4 ways to win big after an inspection

Have you completed your home inspection? It sure helps to know about any potentially expensive repairs your new home may need. But is that all there is to home inspection?

The answer is no. You need to be aware of the next steps after receiving an inspection report. Today, we shed light on four important steps to follow once the home inspection is over.

Ready for the first step?

Step 1: Review the inspection report

Any qualified home inspector will provide a comprehensive inspection reportwithin 48 hours. After receiving it, be sure to review the report thoroughly. A homebuyer typically has two to three business days to review the findings and flag any issues for further discussion or negotiation.

Do you know that in 86% of home inspections recommend at least one repair? The home inspection report details all of this information from faulty appliances to structural repairs. That said, not all repairs mentioned in the report are critical.

Step 2: Discuss the findings with your agent

The next step is to sit with your real estate agent and discuss the findings. Your agent will guide you on identifying the repairs and notifying the seller. If possible, try not to negotiate on any repairs that may seem unnecessary or minor to you or your agent.

Doing so may aggravate the seller. The deal may fall out – and poof! You’ll be back to square one.  

Some typical examples of unreasonable requests are:

  • Cosmetic repairs, such as cracked tile, a nicked-up paint
  • Suggesting repairs that you’re already planning to do as part of a renovation
  • Inexpensive fixes like smoke detector replacement
  • Superficial landscaping fixes

Step 3: Ask the seller to make the repairs

If theinspection report brings up major issues—including but not limited to a faulty electrical system, malfunctioning water heater, leaky roof, or other significant structural defects—it’s only fair to ask your seller to proceed in making those repairs. Then the repairs become a requirement of the sale, meaning that in order for you to sign on the dotted line (over and over again, as you will) this needs to be done first.

Remember to always communicate in writing with the seller through the Buyer Request for Repairs (RR) form. (Your real estate agent should provide this to you.) Begin by listing the priority repairs in the RR form and accompanying it with theinspection report.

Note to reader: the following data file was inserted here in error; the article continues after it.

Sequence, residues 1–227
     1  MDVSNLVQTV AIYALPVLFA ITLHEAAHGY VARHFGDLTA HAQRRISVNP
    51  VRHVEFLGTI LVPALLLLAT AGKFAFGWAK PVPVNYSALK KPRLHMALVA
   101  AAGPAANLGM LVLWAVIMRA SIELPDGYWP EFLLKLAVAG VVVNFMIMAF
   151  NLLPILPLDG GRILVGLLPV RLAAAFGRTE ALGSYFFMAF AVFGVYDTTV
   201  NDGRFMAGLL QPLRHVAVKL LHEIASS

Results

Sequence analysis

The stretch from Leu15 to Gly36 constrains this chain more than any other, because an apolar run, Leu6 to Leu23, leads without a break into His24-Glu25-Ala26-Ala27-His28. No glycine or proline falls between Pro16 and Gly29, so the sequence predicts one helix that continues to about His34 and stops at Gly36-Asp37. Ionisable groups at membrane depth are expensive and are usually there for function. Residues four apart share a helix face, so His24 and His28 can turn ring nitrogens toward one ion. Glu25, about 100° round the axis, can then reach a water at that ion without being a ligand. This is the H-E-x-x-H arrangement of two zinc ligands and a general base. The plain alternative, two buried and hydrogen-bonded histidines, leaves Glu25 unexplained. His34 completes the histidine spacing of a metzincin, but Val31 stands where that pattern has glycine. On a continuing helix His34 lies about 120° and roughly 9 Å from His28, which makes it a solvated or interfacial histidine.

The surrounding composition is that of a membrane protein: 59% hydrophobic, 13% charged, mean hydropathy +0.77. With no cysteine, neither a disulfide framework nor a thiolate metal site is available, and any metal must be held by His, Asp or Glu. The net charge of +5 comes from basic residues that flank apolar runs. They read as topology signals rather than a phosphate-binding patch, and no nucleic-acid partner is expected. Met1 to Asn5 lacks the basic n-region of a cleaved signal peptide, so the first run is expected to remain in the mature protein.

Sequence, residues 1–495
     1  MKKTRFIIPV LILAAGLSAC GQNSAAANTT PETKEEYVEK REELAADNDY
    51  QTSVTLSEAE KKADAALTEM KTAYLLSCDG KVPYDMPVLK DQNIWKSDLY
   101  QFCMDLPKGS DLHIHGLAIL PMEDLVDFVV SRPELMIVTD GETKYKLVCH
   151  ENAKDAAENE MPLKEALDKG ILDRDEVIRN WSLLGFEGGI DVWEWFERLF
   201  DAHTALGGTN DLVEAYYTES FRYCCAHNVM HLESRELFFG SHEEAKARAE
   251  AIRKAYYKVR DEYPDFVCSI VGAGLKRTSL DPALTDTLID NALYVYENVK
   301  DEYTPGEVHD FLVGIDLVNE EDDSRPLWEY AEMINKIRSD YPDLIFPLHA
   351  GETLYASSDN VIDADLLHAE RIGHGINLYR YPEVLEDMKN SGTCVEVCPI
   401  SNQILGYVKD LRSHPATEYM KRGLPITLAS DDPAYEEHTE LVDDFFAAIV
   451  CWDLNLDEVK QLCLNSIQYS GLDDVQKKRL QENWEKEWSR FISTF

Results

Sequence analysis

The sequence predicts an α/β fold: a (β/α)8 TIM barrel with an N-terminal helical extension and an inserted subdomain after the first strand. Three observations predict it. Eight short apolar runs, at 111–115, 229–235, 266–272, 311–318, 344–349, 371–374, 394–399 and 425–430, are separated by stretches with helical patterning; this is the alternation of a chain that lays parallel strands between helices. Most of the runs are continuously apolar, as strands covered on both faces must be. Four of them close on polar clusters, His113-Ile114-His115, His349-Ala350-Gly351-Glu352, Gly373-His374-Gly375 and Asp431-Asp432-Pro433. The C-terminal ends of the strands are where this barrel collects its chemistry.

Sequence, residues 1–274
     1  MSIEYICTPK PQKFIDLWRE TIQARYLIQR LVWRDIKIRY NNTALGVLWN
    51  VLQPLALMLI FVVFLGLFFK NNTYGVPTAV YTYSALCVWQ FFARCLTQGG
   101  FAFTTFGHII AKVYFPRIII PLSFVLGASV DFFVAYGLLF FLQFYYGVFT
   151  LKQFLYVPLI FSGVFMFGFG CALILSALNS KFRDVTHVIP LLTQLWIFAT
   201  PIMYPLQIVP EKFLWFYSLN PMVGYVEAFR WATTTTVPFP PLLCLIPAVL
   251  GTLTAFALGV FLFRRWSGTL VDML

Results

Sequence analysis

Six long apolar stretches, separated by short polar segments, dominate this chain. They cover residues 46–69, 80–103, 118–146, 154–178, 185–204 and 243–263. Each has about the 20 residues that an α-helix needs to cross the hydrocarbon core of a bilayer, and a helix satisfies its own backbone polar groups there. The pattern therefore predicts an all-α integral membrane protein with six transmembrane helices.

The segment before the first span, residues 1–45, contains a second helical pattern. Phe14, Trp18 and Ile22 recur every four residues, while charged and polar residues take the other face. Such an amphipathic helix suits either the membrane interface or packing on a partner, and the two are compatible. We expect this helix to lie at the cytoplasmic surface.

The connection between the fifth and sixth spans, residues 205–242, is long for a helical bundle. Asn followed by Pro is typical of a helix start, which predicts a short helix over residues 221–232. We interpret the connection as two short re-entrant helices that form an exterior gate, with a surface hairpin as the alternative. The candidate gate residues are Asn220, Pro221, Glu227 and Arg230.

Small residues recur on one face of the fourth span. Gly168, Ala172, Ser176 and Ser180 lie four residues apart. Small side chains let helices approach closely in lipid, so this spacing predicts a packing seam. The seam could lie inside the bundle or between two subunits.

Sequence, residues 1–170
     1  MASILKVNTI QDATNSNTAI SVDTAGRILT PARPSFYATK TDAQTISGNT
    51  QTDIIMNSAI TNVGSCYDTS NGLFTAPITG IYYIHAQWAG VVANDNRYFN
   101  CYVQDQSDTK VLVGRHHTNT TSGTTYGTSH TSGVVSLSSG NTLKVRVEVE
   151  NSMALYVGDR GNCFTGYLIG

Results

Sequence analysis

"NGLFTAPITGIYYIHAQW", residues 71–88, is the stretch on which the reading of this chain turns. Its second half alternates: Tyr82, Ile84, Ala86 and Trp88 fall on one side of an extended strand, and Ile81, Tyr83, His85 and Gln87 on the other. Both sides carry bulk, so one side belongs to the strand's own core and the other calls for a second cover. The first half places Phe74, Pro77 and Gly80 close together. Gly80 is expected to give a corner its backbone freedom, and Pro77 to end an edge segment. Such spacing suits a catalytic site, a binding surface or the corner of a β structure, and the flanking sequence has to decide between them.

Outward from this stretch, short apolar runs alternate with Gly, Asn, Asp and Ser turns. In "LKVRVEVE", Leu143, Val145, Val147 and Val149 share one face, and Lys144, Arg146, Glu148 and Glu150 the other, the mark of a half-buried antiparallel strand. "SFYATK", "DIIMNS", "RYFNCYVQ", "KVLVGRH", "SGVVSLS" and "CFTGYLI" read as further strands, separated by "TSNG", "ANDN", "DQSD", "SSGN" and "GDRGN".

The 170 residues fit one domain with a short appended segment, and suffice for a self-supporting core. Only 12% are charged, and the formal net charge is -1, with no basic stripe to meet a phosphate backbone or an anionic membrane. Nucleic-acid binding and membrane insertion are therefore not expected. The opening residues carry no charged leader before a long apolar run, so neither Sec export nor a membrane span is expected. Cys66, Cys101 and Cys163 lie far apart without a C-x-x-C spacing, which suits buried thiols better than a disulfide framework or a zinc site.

The best way to rank repairs is by cost and severity. It must include repairs that are potential dealbreakers. Also, create another list with repairs that you’re willing to pay for yourself. This shows the seller how serious you are about the repairs.

Step 4: Assess seller’s response and negotiate

This is where you and your agent should be proactive and negotiate carefully with the seller. If the seller indicates that they’re willing to make them, then you add them to the repair addendum in your contract.

If the seller isn’t willing to make the repairs, then you can certainly try to negotiate for price concessions. In some instances, the seller may agree to give concessions in order to sell the house “as is.” You can also ask the seller for cash credits from the proceeds (if the lender permits) so that you can make the repairs yourself.

Some sellers might reject giving concessions or taking on repairs outright. This is your cue to invoke the home inspection contingency and dissolve the contract altogether.

Arm yourself with the inspection report!

No doubt, the home buying process can be a challenging journey. Both parties might need to negotiate intensely to get what they want. But even the most meticulous of sellers may miss some flaws in their home (we’re all humans!) To that end, a home inspection report is a crucial tool at your disposal for bargaining a better price. Use it judiciously.

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